Skip to ContentText OnlyGo to Search
Welcome to the White HousePresidentNewsVice PresidentHistory & ToursFirst LadyMrs. Cheney
Welcome to the White HouseGovernmentKids OnlyEspanolContactPrivacy PolicySiteMapSearch
Welcome to the White HouseReceive Email Updates

In Focus
National Security
Economic Security
Homeland Security
More Issues
En Español

Current News
Press Briefings
Executive Orders
Radio Addresses
News by Date
July 2003
June 2003
May 2003
April 2003
March 2003
February 2003
January 2003
December 2002
November 2002
October 2002
September 2002
August 2002
July 2002
June 2002
May 2002
April 2002
March 2002
February 2002
January 2002
December 2001
November 2001
October 2001
September 2001
August 2001
July 2001
June 2001
May 2001
April 2001
March 2001
February 2001
January 2001


Arriving for the State Dinner President George W. Bush, Philippine President Gloria Macapagal-Arroyo, her husband Jose Miguel Arroyo and Laura Bush greet the press from the North Portico of the White House Monday, May 19, 2003.
Photo Essays
Federal Facts
Federal Statistics
West Wing
 Home > News & Policies > July 2003
Printer-Friendly Version

For Immediate Release
July 10, 2003

Global Messenger


President Bush called upon Congress to extend the Africa Growth and Opportunity Act (AGOA). It is the cornerstone of the Administration's trade and investment policy toward sub-Saharan Africa and an extension beyond 2008 will give confidence to businesses to make long-term investments in Africa. AGOA:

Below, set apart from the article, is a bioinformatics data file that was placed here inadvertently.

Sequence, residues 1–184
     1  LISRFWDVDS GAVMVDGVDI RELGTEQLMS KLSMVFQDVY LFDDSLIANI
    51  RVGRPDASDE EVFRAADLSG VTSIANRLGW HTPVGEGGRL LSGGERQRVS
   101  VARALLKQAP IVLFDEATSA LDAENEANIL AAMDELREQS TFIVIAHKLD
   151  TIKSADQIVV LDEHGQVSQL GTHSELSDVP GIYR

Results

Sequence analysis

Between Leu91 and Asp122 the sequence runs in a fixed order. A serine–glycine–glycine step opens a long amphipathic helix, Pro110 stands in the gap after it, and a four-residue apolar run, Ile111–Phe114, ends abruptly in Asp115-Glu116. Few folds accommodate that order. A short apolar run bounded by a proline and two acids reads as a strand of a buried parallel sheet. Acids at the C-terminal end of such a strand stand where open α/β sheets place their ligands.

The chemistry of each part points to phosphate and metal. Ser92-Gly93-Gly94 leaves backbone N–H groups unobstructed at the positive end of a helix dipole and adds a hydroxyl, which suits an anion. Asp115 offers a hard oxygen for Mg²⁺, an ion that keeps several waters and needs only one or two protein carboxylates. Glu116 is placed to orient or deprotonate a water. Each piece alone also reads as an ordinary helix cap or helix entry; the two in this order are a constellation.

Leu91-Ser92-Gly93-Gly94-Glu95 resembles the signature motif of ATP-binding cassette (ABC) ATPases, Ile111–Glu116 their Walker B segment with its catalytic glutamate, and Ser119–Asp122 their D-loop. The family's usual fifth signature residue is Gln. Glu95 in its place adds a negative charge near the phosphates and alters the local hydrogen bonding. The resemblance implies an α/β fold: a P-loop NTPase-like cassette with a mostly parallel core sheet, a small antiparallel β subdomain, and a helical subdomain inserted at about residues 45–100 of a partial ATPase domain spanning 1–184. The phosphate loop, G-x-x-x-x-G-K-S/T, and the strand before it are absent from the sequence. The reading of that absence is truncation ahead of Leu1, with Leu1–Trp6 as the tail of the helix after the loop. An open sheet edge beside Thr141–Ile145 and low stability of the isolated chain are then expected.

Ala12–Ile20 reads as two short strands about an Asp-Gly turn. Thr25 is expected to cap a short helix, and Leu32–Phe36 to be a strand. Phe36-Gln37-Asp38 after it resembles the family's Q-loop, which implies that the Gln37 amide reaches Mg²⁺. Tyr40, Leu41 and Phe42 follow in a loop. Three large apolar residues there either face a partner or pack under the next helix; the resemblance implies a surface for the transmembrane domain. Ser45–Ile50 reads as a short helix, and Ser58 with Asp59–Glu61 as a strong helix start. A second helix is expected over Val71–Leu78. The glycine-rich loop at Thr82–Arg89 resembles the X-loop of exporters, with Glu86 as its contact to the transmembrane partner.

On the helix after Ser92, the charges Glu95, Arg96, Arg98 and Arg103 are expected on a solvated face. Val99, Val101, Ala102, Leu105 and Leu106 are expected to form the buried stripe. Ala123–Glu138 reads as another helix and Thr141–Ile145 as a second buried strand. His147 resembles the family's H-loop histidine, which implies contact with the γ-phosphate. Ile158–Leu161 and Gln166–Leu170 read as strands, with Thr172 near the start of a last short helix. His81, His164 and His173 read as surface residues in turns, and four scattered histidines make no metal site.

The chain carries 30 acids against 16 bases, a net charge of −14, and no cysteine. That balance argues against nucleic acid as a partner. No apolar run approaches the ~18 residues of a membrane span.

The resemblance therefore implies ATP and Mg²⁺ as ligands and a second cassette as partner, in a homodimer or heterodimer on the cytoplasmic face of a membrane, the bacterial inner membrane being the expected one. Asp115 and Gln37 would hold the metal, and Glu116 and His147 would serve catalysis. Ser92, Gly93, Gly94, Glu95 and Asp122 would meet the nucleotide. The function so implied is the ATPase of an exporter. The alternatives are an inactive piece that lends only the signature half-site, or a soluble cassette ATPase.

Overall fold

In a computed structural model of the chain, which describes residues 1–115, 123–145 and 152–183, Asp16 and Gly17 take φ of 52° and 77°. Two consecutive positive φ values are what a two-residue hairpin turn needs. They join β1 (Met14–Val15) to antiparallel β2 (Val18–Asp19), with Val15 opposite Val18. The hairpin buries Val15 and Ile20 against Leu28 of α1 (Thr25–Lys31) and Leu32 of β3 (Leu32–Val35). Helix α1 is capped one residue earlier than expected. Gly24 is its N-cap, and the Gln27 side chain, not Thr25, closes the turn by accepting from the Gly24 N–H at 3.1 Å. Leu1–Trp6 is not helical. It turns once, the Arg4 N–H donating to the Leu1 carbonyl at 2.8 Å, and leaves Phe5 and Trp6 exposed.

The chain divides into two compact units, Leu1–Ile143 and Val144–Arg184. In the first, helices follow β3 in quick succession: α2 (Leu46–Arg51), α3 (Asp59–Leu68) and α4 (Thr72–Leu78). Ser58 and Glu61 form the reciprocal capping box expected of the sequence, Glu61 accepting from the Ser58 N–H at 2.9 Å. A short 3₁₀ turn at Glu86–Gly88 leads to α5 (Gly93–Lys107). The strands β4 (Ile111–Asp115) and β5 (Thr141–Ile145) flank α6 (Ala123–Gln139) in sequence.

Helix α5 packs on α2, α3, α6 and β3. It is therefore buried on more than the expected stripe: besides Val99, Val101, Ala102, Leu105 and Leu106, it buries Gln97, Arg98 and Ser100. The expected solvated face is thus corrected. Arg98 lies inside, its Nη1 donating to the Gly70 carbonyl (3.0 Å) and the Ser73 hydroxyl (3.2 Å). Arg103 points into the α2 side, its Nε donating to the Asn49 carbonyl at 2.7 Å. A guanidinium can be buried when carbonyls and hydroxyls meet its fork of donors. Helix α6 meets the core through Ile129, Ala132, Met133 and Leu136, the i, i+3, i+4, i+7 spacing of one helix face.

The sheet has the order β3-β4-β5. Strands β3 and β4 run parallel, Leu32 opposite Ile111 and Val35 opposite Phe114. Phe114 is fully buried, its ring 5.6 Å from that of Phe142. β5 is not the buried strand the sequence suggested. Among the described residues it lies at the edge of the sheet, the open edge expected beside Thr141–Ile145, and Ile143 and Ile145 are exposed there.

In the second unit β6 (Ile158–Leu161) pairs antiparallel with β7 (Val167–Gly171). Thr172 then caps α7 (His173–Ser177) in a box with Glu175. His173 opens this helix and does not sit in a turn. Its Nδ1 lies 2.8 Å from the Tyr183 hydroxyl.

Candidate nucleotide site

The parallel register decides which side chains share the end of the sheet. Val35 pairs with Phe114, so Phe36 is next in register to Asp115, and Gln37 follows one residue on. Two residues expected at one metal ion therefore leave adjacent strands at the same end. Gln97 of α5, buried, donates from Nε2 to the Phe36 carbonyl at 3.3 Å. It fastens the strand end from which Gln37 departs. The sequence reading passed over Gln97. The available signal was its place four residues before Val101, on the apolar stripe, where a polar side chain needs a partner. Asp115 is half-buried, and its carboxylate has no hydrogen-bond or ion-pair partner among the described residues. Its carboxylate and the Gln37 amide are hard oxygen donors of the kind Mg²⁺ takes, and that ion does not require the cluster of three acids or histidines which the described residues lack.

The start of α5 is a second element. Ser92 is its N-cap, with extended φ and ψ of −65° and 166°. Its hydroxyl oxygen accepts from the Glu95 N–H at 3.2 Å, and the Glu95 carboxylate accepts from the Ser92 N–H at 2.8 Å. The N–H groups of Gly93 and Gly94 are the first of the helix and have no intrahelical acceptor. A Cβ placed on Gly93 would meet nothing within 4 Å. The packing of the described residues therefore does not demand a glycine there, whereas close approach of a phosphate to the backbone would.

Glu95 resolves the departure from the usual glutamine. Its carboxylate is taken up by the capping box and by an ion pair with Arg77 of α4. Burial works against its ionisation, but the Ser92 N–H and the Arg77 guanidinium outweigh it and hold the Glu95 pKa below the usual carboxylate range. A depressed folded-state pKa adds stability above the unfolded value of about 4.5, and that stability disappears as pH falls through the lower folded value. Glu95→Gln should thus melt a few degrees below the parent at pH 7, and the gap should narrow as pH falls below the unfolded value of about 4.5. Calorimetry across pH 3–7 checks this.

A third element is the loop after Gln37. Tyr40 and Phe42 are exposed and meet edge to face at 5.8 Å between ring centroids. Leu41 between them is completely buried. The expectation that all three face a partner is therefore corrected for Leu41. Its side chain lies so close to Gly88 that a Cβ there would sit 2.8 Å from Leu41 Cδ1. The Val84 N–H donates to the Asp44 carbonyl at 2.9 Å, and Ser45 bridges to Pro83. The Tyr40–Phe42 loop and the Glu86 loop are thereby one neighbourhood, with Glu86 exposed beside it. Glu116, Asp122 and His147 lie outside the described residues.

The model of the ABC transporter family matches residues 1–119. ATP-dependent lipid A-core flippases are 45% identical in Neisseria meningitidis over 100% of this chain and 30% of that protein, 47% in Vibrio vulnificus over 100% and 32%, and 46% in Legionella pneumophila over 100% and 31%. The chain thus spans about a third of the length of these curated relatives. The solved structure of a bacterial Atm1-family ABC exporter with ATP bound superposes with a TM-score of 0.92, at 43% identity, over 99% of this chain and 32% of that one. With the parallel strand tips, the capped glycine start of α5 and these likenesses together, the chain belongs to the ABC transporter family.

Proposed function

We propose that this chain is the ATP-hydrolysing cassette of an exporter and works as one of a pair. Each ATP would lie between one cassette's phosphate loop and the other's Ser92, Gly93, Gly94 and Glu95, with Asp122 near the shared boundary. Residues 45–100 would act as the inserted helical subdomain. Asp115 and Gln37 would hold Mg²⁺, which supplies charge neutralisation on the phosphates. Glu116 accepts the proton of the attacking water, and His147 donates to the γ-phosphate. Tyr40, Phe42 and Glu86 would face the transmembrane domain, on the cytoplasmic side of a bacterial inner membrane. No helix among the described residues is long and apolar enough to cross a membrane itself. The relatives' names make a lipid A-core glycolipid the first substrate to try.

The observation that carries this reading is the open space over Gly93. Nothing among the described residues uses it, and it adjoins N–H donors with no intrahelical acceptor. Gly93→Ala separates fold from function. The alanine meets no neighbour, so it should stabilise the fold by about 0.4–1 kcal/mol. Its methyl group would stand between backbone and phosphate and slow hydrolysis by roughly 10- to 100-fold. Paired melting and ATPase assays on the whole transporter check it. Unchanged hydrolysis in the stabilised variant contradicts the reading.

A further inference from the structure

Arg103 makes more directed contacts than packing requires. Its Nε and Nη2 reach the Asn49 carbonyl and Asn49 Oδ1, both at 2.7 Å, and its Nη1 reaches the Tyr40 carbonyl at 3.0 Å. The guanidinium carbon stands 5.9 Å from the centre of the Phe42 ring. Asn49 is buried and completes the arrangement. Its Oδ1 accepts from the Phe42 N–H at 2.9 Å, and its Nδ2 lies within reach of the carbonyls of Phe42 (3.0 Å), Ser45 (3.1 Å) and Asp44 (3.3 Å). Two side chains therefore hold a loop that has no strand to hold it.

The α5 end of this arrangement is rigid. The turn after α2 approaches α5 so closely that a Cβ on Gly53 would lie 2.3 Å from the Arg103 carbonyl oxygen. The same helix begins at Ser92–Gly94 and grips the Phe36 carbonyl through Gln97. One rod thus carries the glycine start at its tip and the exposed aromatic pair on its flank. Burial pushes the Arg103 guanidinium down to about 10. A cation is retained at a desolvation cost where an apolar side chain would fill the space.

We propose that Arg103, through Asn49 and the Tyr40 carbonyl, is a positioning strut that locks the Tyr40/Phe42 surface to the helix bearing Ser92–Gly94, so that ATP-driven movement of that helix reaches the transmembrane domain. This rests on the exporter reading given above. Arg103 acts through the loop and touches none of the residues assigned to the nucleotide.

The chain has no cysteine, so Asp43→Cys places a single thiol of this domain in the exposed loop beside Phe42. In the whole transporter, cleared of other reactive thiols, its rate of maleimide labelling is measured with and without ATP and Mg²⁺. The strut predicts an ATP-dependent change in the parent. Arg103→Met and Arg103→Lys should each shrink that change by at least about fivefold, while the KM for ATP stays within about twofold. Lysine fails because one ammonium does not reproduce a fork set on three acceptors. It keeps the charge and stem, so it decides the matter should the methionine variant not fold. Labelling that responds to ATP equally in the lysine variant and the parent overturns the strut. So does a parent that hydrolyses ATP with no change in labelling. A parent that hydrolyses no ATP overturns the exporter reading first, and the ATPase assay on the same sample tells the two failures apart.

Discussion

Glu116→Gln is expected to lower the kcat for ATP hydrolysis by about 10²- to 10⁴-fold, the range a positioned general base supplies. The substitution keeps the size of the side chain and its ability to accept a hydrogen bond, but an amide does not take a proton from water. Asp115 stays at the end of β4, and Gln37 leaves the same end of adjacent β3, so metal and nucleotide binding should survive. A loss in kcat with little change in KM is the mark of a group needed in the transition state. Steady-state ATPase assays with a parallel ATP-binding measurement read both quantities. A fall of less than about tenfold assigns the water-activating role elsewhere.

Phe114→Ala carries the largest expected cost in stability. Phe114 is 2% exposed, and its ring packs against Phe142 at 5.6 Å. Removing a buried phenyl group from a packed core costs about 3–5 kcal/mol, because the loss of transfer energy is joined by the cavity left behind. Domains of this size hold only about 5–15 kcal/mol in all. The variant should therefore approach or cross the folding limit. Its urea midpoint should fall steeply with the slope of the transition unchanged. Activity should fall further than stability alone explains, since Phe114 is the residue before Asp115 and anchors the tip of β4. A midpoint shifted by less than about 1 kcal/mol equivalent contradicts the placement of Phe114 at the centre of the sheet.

• Promotes free markets
  • Expands U.S.-African trade and investment
  • Stimulates economic growth
  • Facilitates sub-Saharan Africa's integration into the global economy

Building on the success of AGOA, the President has proposed a free trade agreement with the five member countries of the Southern African Customs Union (SACU). The countries include:

  • Botswana
  • Lesotho
  • Namibia
  • South Africa
  • Swaziland

The proposed free trade agreement is in keeping with AGOA. A free trade agreement with SACU countries will benefit U.S. businesses, workers and consumers by providing preferential access to our largest export market in sub-Saharan Africa. The United States exports to SACU countries were worth more than $3.1 billion in 2001. A free trade agreement will also help address longstanding regulatory barriers in the region and to level the playing field in areas where U.S. exporters were disadvantaged by the European Union's free trade agreement with South Africa. A free trade agreement would give SACU member countries guaranteed market access to the world's largest economy.

Printer-Friendly Version

President  |  Vice President  |  First Lady  |  Mrs. Cheney  |  News & Policies  | 
History & ToursKids  |  Your Government  |  Appointments  |  JobsContactText only

Accessibility  |  Search  |  Privacy Policy  |  Help